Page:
It is worth thinking of, for St Ephraim’s highly-charged, deeply theological poetry is, in fact, hymnography. Hymns are meant to be sung — to be sung, in fact, in praise of Almighty God. While Bessarion’s reference to the Cherubim is most likely a reference to the need for vigilance (a la St Isaiah the Solitary, d. c. 470), I think it is more appropriately, in fact, praising Almighty God without end.

For this is what the Cherubim with their sleepless eye do, is it not?

Holy, holy, holy Lord, God of Hosts! Heaven and earth are full of the majesty of thy glory. Hosanna in the Highest!

St Ephraim, then, could be called Cherubic in this truest and highest sense of the word.

In his Hymns on Paradise, number XI, Ephraim writes in the first stanza (trans. Sebastian Brock):

The air of Paradise
is a fountain of delight
from which Adam sucked
when he was young;
its very breath, like a mother’s breast,
gave him nourishment in his childhood.
He was young, fair,
and full of joy,
but when he spurned the injunction
he grew old, sad and decrepit;
he bore old age
as a burden of woes.

The response: Blessed is He who exalted Adam / and caused him to return to Paradise.

Paradise for Ephraim is not a physical place. Ephraim’s Adam is like George Herbert’s:

For sure when Adam did not know
To sinne, or sinne to smother,
He might to heav’n from Paradise go,
As from one room t’another.

from ‘The Holy Communion’

In the third stanza of St. Ephraim’s hymn we meet the Cherubim:

The fence which surrounds it
is the peace which gives peace to all;
its inner and outer walls
are the concord which reconciles all things;
the cherub who encircles it
is radiant to those who are within
but full of menace to those outside
who have been cast out.
All that you hear told
about this Paradise,
so pure and holy,
is pure and spiritual.

With this spiritual reading of Paradise, the Cherub is no longer solely ‘full of menace’ as at the end of Genesis 3, but now ‘radiant to those who are within’. We can encounter this Paradise; it is the telos of the Christian life, where we hope to abide for Eternity with our Lord Christ.

For now, let us seek to hymn our Lord, being vigilant not merely to avoid sin, but to praise God at all times — perhaps St Ephraim can be an entry into praise for you today (read him here)!

Let us, then, praise our holy, holy, holy God like the Cherubim — with sleepless eye.

Typology As a Way Forward in Bible Reading

I have previously posted about the fourfold sense of Scripture here and here. Among the spiritual senses, we find typology. Typology, as you may recall, is when we see events, items, and persons in the Old Testament as prefigurations of New Testament theology. It is distinguished from allegory as allegory is when we see parallels in events in the Old Testament not only of the New Testament but also of our own spiritual journey. Thus, an allegorical reading of Genesis 3, while not denying the real Fall of humanity, will say that this is the story of Everyman.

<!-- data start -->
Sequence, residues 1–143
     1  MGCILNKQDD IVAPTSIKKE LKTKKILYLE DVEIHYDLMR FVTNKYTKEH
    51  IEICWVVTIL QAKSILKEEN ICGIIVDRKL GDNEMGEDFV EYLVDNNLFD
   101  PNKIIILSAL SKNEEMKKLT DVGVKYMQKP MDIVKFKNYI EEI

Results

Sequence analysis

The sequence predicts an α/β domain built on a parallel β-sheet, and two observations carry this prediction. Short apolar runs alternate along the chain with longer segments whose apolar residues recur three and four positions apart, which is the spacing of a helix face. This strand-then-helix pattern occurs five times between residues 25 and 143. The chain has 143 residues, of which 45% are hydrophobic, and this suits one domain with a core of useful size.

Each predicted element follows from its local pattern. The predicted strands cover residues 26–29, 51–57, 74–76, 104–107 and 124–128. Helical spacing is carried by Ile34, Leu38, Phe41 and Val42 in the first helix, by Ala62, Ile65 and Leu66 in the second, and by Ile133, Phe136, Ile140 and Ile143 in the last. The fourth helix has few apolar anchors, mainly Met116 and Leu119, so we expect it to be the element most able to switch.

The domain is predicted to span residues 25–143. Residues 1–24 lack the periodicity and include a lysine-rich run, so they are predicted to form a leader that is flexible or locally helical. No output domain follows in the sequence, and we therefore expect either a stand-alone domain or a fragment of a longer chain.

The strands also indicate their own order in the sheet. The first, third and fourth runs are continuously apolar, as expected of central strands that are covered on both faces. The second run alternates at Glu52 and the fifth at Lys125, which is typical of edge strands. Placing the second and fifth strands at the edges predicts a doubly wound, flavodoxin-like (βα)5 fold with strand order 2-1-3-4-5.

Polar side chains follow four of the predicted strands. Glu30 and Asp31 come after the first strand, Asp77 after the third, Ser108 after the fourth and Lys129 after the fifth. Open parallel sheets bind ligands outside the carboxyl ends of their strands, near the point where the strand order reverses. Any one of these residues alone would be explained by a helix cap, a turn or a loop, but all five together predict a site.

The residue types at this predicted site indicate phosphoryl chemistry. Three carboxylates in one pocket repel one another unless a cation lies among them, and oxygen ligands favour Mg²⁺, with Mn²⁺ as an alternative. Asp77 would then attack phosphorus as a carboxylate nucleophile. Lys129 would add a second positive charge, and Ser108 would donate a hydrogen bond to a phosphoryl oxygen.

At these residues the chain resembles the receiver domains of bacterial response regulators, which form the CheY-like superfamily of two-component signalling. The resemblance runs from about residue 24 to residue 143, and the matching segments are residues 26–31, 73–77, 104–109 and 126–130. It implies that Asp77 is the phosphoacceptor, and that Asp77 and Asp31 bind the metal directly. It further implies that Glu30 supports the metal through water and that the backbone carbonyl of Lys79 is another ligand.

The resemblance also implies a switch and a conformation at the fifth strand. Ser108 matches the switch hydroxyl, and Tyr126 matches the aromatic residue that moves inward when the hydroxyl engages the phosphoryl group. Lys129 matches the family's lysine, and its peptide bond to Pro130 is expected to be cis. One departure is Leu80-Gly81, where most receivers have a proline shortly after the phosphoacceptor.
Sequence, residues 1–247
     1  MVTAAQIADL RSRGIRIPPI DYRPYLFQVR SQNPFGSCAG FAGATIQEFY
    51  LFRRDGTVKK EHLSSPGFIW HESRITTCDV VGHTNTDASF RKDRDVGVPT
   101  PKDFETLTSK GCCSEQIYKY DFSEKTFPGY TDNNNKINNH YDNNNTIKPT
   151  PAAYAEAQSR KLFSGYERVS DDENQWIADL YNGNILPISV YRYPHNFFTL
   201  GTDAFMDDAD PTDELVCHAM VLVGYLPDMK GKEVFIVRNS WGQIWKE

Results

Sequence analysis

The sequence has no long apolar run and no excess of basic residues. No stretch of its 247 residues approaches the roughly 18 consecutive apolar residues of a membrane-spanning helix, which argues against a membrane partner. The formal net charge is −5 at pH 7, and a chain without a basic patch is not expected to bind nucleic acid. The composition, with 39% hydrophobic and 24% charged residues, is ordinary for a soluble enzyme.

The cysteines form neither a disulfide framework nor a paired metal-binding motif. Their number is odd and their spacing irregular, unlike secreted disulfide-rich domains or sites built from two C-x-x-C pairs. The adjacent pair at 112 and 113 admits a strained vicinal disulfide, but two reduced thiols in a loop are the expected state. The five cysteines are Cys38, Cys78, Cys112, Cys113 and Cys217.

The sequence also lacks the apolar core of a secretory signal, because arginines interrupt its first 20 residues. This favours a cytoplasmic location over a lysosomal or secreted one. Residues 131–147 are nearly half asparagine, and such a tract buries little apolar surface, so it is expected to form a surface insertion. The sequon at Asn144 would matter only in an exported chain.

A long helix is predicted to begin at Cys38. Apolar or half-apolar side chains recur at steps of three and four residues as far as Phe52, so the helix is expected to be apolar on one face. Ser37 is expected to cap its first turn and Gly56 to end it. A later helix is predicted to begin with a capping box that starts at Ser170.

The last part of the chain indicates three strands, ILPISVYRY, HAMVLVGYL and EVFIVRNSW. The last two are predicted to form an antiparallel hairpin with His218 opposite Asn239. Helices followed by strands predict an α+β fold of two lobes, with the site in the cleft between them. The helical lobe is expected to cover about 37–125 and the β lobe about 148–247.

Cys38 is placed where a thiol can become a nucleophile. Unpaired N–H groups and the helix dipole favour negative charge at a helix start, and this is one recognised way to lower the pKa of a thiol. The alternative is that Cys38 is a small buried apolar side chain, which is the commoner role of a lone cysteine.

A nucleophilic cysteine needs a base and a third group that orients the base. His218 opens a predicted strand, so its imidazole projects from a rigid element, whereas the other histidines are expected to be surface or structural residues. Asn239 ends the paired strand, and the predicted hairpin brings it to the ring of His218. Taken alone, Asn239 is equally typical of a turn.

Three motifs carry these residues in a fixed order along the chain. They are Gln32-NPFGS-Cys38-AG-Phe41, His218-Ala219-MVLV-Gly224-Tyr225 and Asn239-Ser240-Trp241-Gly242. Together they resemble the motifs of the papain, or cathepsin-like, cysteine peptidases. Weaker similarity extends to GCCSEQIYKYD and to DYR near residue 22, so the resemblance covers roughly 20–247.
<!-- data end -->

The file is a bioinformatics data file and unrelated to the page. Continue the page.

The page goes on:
Typology, on other hand, sees a moment as a single flash of the greatness of the fulfillment of the promises in Christ and the Church — Melchizedek is a type of Christ; the flashing sword in Eden is a type of Mary; the crossing of the Red Sea is a type of Baptism, Jerusalem is a type of the heavenly city, and so forth. I have already posted on Noah’s Ark as a type of Mary.

This approach to Scripture is never meant to entirely supplant the literal or historical meaning, something even its most famous proponent, Origen, acknowledges. Yet it seeks to see with spiritual eyes a new, different layer of meaning. Since the purpose of Scripture is to reveal to us the things of God and empower us to lead godly lives, I see no difficulty in this way of reading Scripture.

Indeed, many see this way of reading the Bible as a way forward for western biblical interpretation. Sebastian Brock writes:

the typological approach to the Bible as found in the Syriac (and of course other) Fathers is essentially a fluid one, refusing to be contained by dogmatic statements on the one hand, or considerations of modern biblical scholarship and its findings on the other. Indeed, one wonders whether this approach does not offer the openings of a via tertia for twentieth-century western Christianity in its dilemma when faced with the liberal critical approach to the Bible that to many seems purely destructive, on the one side, and a distastefully fundamentalist approach on the other. (p. 188)*

Now, one may argue that there already exists middle ground between liberal criticism and fundamentalism, but the idea of typology as being part of that middle ground is not a bad idea. With typology, we are able to say, “Indeed, the points of the liberal’s modernist critique may be valid, and the doctrinal concerns of the fundamentalist are also worthy of consideration, and with typology I am able to honour both.”